MIAMI (WSVN) - City of Miami leaders have relaxed some of the restrictions enforced to help stem the spread of COVID-19, allowing the city’s restaurants to open their dining rooms at full capacity and adding one hour before the citywide curfew goes into effect.

7News cameras captured a busy street in Miami’s Wynnwood’s neighborhood, Friday night, as people had dinner at local restaurants.

The crowded scene comes one night after city commissioners voted to loosen the coronavirus restrictions.

The announcement was met with enthusiasm from local restaurant employees.

“More money, more business,” said Latarius Ingraham, a manager at Jackson’s Soul Food in Overtown.

Ingraham said his restaurant has been hit hard, but he’s hoping the new rules will help businesses return to pre-pandemic levels.

“We’re welcoming more people and more jobs,” he said.

Commissioners also voted to push the city’s curfew to begin at midnight, going against the county’s order stating an 11 p.m. start time.

Miami Mayor Francis Suarez addressed the changes during a news conference on Friday.

“As you know, I have disagreed with the curfew for quite some time, and I think this will give restaurants and businesses the opportunity to recover and create more jobs,” he said.

Miami-Dade Mayor Carlos Gimenez said he wants to wait for health experts to give the green light before making these decisions.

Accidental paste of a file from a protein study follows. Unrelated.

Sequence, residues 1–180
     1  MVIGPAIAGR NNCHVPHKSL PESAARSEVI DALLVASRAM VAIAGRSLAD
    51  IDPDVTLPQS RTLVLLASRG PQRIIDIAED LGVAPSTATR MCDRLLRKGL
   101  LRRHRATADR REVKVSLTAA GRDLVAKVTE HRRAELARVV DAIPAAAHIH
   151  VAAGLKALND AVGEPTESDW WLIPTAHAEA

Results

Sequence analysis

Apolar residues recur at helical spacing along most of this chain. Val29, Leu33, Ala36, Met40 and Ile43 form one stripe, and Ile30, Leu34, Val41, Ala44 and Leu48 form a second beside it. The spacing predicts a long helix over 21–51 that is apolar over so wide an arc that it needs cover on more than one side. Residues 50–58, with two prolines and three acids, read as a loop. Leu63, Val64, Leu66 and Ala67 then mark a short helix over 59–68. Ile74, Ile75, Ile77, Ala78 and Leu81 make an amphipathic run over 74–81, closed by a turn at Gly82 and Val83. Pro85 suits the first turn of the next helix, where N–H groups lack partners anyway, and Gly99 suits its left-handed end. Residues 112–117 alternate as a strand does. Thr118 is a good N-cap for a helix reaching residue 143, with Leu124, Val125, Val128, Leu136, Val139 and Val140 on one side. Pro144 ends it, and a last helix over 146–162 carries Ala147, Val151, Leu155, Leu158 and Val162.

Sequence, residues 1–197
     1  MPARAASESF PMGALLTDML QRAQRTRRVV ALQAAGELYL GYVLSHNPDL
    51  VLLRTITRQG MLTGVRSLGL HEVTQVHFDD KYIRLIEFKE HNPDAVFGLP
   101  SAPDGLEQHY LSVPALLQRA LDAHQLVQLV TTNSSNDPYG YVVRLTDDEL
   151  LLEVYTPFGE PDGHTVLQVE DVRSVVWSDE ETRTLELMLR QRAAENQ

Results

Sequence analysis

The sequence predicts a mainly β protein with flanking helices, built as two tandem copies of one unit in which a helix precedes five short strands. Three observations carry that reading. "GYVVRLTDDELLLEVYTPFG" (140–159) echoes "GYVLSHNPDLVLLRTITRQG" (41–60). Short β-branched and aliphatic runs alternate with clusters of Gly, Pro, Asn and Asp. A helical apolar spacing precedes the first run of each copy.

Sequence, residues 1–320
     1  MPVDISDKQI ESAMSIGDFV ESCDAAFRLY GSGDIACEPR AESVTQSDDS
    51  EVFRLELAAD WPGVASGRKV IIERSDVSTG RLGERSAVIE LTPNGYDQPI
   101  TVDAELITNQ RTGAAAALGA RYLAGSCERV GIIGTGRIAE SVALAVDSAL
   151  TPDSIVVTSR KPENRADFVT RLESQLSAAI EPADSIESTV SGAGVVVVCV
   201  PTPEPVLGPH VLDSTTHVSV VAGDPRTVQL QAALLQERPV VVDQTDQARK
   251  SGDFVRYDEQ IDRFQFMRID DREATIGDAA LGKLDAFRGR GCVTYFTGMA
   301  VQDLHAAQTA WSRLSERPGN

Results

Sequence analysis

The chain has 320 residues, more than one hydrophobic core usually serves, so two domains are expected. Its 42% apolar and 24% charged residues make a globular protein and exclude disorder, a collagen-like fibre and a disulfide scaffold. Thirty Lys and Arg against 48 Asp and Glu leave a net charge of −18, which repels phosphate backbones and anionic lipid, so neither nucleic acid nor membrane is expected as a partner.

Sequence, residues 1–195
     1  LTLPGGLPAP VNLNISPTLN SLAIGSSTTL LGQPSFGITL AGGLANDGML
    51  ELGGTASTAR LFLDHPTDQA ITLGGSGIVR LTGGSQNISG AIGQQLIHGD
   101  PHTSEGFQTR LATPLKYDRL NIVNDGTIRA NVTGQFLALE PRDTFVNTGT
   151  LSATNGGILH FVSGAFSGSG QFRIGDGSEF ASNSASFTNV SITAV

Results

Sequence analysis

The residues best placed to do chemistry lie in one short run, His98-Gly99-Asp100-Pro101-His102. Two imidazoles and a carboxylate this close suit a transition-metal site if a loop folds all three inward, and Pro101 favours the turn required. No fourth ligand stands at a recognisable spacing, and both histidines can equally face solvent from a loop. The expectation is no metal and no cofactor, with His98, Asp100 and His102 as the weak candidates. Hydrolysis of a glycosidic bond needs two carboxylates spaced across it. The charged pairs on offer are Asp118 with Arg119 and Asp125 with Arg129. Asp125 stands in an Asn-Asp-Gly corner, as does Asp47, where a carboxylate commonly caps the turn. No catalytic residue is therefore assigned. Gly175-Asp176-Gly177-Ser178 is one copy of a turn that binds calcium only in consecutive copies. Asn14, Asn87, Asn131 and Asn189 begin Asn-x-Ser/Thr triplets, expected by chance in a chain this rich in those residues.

He released a statement that reads in part, “We will monitor this weekend’s testing results and hospitalizations, and if all remains stable, we plan to move the countywide curfew to midnight until 6 a.m.”

But as South Florida and the rest of the state continues to open up at a rapid pace, health experts are warning residents about a possible COVID-19 surge.

Epidemiologist Michael Osterholm gave a dire prediction while speaking with Jake Tapper on CNN, Friday night.

“Florida is ripe for another large outbreak. What they’ve done is opened up everything as if nothing happened there,” he said.

Osterholm warned another surge is likely on the horizon.

“You and I could be talking in 8 to 10 weeks, and I will likely bet that Florida will be a house on fire,” he said to Tapper.

The public health expert warning comes on the same day as Miami-Dade County Public Schools confirmed four COVID-19 cases at local schools: three students and one employee, all of them at elementary schools.

Meanwhile, school buses were back on the road in Broward County for the first time since March, as roughly 20% of the 270,000 students in the district began heading back to classrooms.

Back in Miami, restaurant employees said they will continue to observe safety guidelines.

“We’re still going to be wearing our masks, our gloves, social distancing,” said Jeff Grosser, who co-owns Buya in Wynwood.

Grosser said he welcomes the new changes and stressed that health will be their top priority.

“We’re not out of the woods yet. We understand that, but it is good for us to be able to get back to some semblance of normalcy in our industry,” he said.

Ingraham echoed Grosser’s commitment to safety.

“We’re still going to stay socially distant, and we’re still going to follow the guidelines and the rules and everything that complies,” he said.

Suarez said he is also allowing up to 10 people per restaurant table.

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